The overall gain in income among Latino workers is driven by a rise in the share of higher-income immigrants who have lived in the U.S. for more years. Yet the incomes of U.S.-born Latinos are still less than since the recession began.
There were 10.7 million unauthorized immigrants in the U.S. in 2016, down from 12.2 million in 2007. The total is the lowest since 2004 and is tied to a decline in the number of Mexican unauthorized immigrants.
About half of U.S. Latinos say the situation for Hispanics in the U.S. has worsened over the past year, and a majority say they worry that they or someone they know could be deported.
High intermarriage rates and declining immigration are changing how some Americans with Hispanic ancestry see their identity. Most U.S. adults with Hispanic ancestry self-identify as Hispanic, but 11%, or 5 million, do not.
The increase from these countries exceeded modest growth of the overall foreign-born population and came amid a decline in immigrants from Mexico.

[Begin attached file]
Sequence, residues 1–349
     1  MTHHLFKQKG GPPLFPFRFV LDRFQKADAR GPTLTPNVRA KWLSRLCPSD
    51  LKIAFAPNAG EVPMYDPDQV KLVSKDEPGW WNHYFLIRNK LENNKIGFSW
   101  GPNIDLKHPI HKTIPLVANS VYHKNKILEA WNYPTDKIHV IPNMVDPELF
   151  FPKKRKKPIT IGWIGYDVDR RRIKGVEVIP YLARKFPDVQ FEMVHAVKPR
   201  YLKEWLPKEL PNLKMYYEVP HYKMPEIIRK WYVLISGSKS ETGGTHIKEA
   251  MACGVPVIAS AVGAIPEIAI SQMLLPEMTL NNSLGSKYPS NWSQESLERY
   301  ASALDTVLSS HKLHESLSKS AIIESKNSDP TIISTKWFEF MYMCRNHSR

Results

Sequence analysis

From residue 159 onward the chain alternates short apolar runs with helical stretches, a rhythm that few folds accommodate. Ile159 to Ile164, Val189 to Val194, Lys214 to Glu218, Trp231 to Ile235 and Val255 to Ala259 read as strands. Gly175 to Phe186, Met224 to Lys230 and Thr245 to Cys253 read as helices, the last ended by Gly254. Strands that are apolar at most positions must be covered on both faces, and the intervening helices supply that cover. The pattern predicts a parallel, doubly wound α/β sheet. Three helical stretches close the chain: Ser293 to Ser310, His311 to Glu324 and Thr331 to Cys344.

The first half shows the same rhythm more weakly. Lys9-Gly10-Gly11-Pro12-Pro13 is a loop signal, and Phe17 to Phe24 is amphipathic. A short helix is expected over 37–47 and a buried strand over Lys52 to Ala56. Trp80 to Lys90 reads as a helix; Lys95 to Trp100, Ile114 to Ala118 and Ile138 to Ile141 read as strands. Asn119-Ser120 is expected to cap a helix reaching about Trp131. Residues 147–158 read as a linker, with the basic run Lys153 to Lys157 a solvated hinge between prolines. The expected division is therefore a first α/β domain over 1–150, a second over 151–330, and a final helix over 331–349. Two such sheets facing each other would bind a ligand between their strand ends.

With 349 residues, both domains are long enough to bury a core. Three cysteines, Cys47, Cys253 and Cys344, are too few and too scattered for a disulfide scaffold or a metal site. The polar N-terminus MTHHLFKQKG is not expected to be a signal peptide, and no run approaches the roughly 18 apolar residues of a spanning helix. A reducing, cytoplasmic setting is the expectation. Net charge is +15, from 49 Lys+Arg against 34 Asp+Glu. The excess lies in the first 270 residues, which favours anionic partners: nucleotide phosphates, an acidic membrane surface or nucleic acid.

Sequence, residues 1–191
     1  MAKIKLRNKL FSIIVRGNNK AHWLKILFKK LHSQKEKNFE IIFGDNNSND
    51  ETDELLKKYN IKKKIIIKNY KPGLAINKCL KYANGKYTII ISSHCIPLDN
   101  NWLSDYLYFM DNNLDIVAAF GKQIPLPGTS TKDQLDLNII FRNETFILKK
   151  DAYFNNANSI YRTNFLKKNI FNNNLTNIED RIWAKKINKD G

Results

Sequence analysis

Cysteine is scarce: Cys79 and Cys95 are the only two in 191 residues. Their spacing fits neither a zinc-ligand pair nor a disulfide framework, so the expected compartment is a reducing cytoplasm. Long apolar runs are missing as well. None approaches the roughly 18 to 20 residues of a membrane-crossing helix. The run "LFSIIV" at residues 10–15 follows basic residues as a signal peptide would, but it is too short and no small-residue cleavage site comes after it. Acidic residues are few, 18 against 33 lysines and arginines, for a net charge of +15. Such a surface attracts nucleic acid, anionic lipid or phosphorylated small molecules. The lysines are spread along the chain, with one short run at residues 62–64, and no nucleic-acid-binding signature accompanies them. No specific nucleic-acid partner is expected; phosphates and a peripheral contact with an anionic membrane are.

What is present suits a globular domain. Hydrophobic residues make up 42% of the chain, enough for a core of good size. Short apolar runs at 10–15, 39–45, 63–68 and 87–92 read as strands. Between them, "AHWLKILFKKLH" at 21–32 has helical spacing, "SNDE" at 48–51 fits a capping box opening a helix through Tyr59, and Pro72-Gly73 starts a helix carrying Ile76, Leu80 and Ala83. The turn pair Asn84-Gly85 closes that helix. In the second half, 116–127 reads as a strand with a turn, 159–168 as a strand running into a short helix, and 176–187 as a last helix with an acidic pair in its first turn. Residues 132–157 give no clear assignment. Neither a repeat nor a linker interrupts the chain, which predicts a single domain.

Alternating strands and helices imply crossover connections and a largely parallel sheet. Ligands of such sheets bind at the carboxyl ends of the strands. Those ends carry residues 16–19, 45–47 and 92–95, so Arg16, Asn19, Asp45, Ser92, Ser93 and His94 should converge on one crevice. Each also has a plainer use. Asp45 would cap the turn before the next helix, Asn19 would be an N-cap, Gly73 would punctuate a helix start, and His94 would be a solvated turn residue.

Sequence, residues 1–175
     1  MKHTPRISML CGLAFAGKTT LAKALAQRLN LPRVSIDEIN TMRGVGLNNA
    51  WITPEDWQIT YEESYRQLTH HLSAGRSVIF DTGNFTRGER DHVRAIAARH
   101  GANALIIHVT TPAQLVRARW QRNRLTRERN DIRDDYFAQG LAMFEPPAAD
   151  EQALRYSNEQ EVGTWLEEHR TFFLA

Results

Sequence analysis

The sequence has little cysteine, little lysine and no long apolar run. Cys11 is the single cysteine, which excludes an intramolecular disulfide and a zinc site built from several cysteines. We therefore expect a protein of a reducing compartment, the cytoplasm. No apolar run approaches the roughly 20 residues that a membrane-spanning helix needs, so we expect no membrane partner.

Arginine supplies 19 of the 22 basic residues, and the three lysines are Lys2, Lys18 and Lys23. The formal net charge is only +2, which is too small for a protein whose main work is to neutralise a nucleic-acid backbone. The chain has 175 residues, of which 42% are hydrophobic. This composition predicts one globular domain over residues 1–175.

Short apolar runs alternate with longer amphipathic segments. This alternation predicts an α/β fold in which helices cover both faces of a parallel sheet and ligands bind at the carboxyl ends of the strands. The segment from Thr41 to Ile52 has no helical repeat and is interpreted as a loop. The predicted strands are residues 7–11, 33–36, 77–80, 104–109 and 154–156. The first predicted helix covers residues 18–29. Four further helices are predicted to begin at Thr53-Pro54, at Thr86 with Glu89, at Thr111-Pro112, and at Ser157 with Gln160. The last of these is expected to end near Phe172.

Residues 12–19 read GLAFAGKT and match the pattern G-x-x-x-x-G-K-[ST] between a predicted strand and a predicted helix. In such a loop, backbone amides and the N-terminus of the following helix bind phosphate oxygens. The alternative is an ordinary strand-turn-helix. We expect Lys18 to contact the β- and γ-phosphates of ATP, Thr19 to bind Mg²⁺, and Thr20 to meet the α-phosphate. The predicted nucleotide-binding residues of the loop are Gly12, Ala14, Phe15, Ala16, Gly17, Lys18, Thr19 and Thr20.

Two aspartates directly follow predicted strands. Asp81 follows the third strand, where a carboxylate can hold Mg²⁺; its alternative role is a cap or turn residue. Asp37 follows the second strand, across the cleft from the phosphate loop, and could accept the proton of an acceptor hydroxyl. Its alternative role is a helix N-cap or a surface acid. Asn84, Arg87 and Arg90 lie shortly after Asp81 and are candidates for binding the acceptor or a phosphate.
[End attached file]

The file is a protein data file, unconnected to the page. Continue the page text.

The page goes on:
While 67% of lawful immigrants eligible for naturalization had applied for and obtained U.S. citizenship by 2015, this share was only 42% among Mexicans.
There were 8 million unauthorized immigrants in the U.S. working or looking for work in 2014, making up 5% of the civilian labor force.
75% of Latinos have discussed Trump’s comments about Hispanics in the past year.
The estimated total - 11.1 million in 2014 - has steadied since the end of the recession as the number declined from Mexico but grew from other countries.
A decline in Hispanic birth rates and the pace of immigration from Latin America has had an effect on the growth and dispersion of Hispanics in the country.